Art Basel Satellite Fairs Outshine the Big Fair on the Beach

Art Basel's satellite fairs have been growing for years and have spread across Miami like the world's most fetching fungus. Without doubt, there's something to satisfy every artistic temperament: cautious newcomers, counterculture rebels, and highbrow connoisseurs. So here, then, are our top ten alternates to the Convention Center.

1. Red Dot Miami: This boutique clambake with the allure of a parking lot fire sale is an approachable, down-to-earth fair partnering this year with GreenMiami, a pet project of former mayor Hon. Manuel Diaz. The opening reception's donations will benefit the City of Miami Tree Trust Fund, helping to support Miami's dedication to preserving trees within the urban jungle. In conjunction with the Miami International Film Festival, there will be a special film and photography program in the midst of more than 40 modern and contemporary booths carrying traditional painting, works on paper, and sculpture. 11 a.m. to 7 p.m. December 1, 11 a.m. to 8 p.m. December 2 through 4, and 11 a.m. to 6 p.m. December 5 at 3011 NE First Ave., Miami. Tickets cost $15 to $25. Click here.

2. Scope Miami 2010: Without a doubt, this is the most internationally recognized satellite fair. It was founded ten years ago by art world renegade Alexis Hubshman and is now helmed by director Mollie White. Editions of Scope are held throughout the year in New York City; Basel, Switzerland; the Hamptons; London; and Miami. Seventy-five international galleries will serve as the foundation for the tenth anniversary of Scope Miami, with special projects such as "Thatness and Thereness" curated by Miami-based a.m.f. projects cofounder Daria Brit Shapiro. Expect mind-bending sculpture (like Karyn Olivier's Doubleslide); provocative video projects (such as Monika Bravo's The Vortex); and Miami's favorite fashion designer, Karelle Levy, with her sixth Quickie Couture operation. Situated just across the way from Art Miami in Midtown, it's hard to miss the massive white pavilion, which looks, at first glance, like a monumental bounce house. 11 a.m. to 6 p.m. December 1, 11 a.m. to 7 p.m. December 2 through 4, and 11 a.m. to 6 p.m. December 5 at 3055 N. Miami Ave., Miami. Tickets cost $15 to $20. Click here.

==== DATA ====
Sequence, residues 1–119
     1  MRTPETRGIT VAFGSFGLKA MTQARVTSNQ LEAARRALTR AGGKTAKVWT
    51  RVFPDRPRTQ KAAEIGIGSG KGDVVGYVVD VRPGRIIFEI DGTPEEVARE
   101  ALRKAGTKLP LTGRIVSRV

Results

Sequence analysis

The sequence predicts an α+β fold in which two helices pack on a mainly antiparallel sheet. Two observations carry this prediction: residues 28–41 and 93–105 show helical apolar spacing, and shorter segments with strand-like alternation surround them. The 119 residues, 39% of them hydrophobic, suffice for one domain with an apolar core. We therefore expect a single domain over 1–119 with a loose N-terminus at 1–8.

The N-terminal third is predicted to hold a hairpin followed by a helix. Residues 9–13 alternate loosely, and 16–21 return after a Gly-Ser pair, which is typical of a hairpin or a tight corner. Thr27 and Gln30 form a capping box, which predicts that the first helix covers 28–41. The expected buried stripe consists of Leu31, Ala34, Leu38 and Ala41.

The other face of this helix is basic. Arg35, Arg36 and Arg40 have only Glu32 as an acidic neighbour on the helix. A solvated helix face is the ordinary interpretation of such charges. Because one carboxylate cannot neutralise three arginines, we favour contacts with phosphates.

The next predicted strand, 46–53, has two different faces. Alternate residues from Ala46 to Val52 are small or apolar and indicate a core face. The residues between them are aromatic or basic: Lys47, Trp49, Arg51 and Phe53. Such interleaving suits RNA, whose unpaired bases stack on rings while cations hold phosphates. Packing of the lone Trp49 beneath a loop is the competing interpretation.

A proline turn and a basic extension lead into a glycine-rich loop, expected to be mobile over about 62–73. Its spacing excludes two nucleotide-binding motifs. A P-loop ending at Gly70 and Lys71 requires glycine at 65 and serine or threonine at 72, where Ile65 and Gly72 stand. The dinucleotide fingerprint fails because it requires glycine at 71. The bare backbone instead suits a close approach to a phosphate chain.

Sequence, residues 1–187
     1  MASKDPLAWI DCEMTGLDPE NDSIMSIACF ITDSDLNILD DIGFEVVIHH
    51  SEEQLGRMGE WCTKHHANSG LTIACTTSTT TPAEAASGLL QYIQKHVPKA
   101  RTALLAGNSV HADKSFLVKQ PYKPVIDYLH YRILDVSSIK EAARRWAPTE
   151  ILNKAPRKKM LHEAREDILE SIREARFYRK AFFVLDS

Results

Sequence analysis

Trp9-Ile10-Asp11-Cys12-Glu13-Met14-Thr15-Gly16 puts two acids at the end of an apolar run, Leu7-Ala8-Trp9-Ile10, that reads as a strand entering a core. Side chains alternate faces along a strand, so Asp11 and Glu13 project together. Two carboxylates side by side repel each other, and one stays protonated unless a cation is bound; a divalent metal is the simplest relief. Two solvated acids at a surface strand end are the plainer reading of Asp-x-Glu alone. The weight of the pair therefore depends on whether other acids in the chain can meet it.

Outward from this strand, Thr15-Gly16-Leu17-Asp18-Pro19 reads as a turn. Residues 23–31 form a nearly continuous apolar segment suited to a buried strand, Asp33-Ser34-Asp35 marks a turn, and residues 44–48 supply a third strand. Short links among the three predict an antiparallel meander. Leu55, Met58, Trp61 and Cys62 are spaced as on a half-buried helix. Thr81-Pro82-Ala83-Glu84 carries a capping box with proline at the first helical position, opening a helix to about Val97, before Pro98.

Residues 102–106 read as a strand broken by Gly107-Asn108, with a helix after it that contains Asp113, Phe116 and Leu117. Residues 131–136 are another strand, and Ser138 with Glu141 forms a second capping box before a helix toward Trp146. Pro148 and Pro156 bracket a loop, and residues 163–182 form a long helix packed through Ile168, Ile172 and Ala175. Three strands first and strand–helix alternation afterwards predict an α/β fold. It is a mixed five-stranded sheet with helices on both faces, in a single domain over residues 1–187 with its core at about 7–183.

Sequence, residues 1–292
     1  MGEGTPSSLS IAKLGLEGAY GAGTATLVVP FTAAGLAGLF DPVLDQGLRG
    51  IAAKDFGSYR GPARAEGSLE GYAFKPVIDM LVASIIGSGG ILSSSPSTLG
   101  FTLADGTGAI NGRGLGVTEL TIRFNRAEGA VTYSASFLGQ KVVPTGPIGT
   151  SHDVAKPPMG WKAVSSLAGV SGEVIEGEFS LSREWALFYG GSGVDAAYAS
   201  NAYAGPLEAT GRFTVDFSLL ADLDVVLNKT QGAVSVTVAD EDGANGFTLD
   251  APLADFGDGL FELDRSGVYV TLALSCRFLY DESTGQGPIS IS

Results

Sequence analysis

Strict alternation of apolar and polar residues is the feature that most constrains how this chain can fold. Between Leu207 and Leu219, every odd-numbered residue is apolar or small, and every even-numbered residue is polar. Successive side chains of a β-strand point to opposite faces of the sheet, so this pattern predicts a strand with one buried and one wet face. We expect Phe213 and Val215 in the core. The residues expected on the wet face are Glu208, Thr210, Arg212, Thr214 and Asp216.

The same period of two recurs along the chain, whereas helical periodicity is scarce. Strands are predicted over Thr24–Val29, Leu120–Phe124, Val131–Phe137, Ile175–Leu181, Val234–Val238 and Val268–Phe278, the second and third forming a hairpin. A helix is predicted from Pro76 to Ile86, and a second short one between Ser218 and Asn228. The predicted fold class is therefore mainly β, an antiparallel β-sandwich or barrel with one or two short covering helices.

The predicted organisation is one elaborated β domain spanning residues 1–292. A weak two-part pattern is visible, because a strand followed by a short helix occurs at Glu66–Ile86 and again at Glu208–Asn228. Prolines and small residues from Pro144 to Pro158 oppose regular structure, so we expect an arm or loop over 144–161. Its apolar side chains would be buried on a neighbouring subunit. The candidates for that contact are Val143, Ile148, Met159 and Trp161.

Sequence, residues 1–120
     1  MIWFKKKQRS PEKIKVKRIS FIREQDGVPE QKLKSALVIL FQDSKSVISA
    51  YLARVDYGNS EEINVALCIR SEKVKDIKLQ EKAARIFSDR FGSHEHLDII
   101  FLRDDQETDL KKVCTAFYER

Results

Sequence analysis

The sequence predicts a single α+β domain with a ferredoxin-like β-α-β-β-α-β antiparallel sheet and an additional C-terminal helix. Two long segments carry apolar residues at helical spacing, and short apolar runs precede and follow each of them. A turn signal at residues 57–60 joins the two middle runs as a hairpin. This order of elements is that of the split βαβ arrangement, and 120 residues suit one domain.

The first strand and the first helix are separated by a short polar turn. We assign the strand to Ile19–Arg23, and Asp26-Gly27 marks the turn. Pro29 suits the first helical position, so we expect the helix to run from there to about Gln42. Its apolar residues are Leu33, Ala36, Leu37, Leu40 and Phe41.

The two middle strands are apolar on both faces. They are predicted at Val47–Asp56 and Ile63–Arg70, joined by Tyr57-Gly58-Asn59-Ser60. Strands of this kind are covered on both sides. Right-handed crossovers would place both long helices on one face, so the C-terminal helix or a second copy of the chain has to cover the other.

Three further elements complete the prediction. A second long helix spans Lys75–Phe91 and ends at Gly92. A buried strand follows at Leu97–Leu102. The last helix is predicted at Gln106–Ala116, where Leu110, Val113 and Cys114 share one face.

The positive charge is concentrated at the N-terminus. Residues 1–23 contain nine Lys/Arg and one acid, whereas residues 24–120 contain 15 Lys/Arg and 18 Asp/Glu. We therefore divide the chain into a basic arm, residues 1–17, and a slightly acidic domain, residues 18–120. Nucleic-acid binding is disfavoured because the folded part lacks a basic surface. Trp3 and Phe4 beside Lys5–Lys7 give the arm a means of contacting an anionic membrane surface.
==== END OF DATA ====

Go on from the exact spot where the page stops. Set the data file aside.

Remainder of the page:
Radau's Bardot at Fountain Miami 2010.
Susan Radau
Radau's Bardot at Fountain Miami 2010.
Dacko's Heaven's Devils at Fountain Miami 2010.
Cherie Dacko
Dacko's Heaven's Devils at Fountain Miami 2010.

3. Fountain Miami 2010: This is the fifth edition of the show, launched in 2006, and will feature projects from New York-based galleries DCKT and Claire Oliver. Oliver's hysterically flamboyant performance artists Eva + Adele (husband-and-wife hermaphrodites who have dressed alike, and quite fabulously, for the past 15 years) will likely grace every major fair with their playful antics. Expect celebrity-collage portraits, life-sized dummies, and guerilla-style installations. 11 a.m. to 7 p.m. December 3 through 5 at 2505 N. Miami Ave., Miami. Tickets cost $10. Click here.